Word Perfect 5.1 for DOS was a well designed piece of software. Like VI, if you took the time to learn it you were very productive in it.

    • by CompMD ( 522020 )
      You must be new to CAD. You will soon outgrow silly children's toys such as AutoCad and 3D Studio Max. If you only knew the power of the dark side. [ugs.com]
    • by eno2001 ( 527078 )
      Harrr!!! In my wait for talk like a pirate day, I thought you said:

      "The best improvement (because it doesn't seem to have happened yet) be a decent UI"

      Harrr.. the best improvement be in me gettin' some readin' glasses, harrr!!!
    • by Dracos ( 107777 )

      Blender's UI could use some visual feedback in places, and the usability of the widgets could be improved, but the UI isn't exactly GUI oriented, it's keyboard oriented. This makes Blender hard to learn, but once you get used to the interface, Blender is very powerful and efficient.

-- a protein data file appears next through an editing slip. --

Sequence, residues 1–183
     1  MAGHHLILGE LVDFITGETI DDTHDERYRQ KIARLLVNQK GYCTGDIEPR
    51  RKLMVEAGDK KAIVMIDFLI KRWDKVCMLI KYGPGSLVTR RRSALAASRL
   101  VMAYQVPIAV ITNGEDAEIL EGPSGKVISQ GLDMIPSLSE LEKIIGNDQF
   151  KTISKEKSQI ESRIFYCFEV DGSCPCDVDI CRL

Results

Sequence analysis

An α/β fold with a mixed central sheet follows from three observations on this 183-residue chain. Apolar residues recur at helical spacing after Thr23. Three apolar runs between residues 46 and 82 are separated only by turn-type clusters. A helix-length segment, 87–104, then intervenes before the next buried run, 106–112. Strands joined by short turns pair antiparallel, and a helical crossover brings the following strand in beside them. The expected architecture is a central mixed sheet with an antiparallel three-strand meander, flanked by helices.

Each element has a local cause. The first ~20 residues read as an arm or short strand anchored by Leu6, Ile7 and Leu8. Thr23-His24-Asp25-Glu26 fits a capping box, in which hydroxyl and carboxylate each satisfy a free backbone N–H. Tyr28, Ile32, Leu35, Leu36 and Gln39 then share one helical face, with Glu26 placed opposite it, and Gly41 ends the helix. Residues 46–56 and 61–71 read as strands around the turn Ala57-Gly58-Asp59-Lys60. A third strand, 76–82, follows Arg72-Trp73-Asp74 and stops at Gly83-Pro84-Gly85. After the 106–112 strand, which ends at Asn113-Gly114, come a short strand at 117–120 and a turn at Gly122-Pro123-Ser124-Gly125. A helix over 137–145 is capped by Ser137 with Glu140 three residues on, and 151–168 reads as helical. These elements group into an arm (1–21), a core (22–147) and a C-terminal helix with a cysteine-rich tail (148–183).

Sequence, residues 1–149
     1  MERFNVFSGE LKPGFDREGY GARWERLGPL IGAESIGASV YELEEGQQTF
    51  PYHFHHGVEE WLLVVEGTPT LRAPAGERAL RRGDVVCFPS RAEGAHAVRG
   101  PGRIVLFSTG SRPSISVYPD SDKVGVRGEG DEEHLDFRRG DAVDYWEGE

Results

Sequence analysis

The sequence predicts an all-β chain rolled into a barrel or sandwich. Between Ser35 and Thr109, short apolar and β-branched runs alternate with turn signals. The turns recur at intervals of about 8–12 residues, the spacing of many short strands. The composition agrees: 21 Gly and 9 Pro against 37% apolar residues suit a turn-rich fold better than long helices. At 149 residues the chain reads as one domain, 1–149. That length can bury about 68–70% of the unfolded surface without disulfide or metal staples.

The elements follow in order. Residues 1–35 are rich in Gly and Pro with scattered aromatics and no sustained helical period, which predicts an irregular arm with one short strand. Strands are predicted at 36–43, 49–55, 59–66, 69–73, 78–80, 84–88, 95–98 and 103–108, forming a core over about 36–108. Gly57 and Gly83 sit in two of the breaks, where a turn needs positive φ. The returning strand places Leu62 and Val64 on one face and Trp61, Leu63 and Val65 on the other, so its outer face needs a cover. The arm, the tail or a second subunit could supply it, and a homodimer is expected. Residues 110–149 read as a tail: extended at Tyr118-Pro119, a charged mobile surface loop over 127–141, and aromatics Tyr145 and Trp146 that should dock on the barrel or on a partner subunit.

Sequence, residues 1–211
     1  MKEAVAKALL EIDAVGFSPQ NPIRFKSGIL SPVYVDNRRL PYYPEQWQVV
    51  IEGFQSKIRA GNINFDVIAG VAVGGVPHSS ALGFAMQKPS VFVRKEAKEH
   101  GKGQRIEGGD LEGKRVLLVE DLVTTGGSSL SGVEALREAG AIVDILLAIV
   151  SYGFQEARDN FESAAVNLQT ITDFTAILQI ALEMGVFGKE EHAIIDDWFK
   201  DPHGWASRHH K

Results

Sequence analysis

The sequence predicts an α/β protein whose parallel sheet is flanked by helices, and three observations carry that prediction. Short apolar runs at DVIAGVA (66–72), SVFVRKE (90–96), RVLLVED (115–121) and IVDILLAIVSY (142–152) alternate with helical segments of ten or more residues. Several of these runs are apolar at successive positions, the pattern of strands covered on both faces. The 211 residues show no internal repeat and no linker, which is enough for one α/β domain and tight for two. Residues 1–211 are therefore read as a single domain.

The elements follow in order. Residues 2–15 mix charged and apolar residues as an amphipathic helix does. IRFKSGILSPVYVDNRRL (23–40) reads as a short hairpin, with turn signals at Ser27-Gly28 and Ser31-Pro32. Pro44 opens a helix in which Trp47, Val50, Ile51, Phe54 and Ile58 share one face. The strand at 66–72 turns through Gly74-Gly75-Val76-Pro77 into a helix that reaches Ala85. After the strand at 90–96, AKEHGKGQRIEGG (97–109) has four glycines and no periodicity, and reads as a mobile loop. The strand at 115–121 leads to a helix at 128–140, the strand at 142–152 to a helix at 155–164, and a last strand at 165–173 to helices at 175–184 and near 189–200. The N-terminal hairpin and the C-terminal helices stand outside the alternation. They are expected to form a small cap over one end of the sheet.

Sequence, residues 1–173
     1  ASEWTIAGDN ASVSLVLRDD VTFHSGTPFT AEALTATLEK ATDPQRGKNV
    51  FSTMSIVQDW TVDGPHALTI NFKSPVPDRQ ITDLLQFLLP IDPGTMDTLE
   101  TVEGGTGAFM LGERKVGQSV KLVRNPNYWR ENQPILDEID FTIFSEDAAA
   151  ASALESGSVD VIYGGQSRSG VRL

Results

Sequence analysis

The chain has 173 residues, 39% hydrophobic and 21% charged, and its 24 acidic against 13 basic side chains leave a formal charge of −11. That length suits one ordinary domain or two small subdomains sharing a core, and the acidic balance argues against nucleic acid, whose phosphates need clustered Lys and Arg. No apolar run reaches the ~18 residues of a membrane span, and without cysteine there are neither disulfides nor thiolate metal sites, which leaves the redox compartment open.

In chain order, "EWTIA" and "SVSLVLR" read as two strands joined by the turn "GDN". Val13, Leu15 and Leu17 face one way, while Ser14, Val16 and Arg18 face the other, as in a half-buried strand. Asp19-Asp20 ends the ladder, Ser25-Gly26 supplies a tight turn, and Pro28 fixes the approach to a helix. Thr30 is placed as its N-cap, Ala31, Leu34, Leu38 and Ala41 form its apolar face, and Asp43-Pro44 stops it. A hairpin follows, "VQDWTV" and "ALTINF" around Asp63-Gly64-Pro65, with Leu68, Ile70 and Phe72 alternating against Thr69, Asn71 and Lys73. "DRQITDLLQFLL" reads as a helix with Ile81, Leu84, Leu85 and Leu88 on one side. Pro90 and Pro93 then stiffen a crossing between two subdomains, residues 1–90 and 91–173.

I believe anything lacking in Blender's UI is just as much (if not more) the fault of OpenGL as it is the Blender developers.

      The fact that they don't publish a manual any more (it having been replaced with a Wiki) is another

      • by djcapelis ( 587616 ) * on Monday February 19, 2007 @04:10PM (#18072302) Homepage
        Actually the next version of the manual is still being developed, the wiki is part of that.

        And you still can get the paper version, albeit the slightly off-colored first printing run edition: http://www.blender3d.org/e-shop/product_info.php?p roducts_id=79 [blender3d.org]. You can also get a PDF of the manual as well. It's old and again we're working on the new one, but for most things it's quite fine as a reference.